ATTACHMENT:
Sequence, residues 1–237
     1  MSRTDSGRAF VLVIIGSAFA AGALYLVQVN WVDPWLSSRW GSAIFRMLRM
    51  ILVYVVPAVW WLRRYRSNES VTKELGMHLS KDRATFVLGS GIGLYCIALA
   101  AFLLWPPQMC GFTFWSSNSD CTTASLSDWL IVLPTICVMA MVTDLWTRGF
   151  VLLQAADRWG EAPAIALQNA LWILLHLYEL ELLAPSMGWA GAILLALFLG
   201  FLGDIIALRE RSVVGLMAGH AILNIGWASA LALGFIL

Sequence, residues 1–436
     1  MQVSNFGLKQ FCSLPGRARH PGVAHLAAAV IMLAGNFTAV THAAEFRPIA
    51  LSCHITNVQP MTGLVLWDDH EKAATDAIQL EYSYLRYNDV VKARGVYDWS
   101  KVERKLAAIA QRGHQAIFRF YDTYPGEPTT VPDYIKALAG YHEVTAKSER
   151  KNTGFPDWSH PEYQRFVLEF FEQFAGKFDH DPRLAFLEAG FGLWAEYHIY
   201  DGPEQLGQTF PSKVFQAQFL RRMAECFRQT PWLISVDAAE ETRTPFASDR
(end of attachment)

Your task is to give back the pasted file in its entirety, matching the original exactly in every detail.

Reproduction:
Sequence, residues 1–237
     1  MSRTDSGRAF VLVIIGSAFA AGALYLVQVN WVDPWLSSRW GSAIFRMLRM
    51  ILVYVVPAVW WLRRYRSNES VTKELGMHLS KDRATFVLGS GIGLYCIALA
   101  AFLLWPPQMC GFTFWSSNSD CTTASLSDWL IVLPTICVMA MVTDLWTRGF
   151  VLLQAADRWG EAPAIALQNA LWILLHLYEL ELLAPSMGWA GAILLALFLG
   201  FLGDIIALRE RSVVGLMAGH AILNIGWASA LALGFIL

Sequence, residues 1–436
     1  MQVSNFGLKQ FCSLPGRARH PGVAHLAAAV IMLAGNFTAV THAAEFRPIA
    51  LSCHITNVQP MTGLVLWDDH EKAATDAIQL EYSYLRYNDV VKARGVYDWS
   101  KVERKLAAIA QRGHQAIFRF YDTYPGEPTT VPDYIKALAG YHEVTAKSER
   151  KNTGFPDWSH PEYQRFVLEF FEQFAGKFDH DPRLAFLEAG FGLWAEYHIY
   201  DGPEQLGQTF PSKVFQAQFL RRMAECFRQT PWLISVDAAE ETRTPFASDR